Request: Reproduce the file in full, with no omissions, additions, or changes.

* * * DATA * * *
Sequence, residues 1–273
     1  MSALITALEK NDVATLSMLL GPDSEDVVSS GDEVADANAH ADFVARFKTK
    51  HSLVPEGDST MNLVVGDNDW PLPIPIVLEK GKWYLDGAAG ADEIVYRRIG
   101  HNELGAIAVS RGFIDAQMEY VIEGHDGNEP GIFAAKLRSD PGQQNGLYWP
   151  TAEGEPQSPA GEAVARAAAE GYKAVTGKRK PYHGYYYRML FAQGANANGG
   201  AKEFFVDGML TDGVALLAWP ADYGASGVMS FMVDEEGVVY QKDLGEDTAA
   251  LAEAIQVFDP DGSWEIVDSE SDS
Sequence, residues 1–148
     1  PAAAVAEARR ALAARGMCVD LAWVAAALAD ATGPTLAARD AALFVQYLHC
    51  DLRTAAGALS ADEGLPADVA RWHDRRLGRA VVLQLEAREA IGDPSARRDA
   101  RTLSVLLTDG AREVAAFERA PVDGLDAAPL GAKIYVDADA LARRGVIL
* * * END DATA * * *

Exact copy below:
Sequence, residues 1–273
     1  MSALITALEK NDVATLSMLL GPDSEDVVSS GDEVADANAH ADFVARFKTK
    51  HSLVPEGDST MNLVVGDNDW PLPIPIVLEK GKWYLDGAAG ADEIVYRRIG
   101  HNELGAIAVS RGFIDAQMEY VIEGHDGNEP GIFAAKLRSD PGQQNGLYWP
   151  TAEGEPQSPA GEAVARAAAE GYKAVTGKRK PYHGYYYRML FAQGANANGG
   201  AKEFFVDGML TDGVALLAWP ADYGASGVMS FMVDEEGVVY QKDLGEDTAA
   251  LAEAIQVFDP DGSWEIVDSE SDS
Sequence, residues 1–148
     1  PAAAVAEARR ALAARGMCVD LAWVAAALAD ATGPTLAARD AALFVQYLHC
    51  DLRTAAGALS ADEGLPADVA RWHDRRLGRA VVLQLEAREA IGDPSARRDA
   101  RTLSVLLTDG AREVAAFERA PVDGLDAAPL GAKIYVDADA LARRGVIL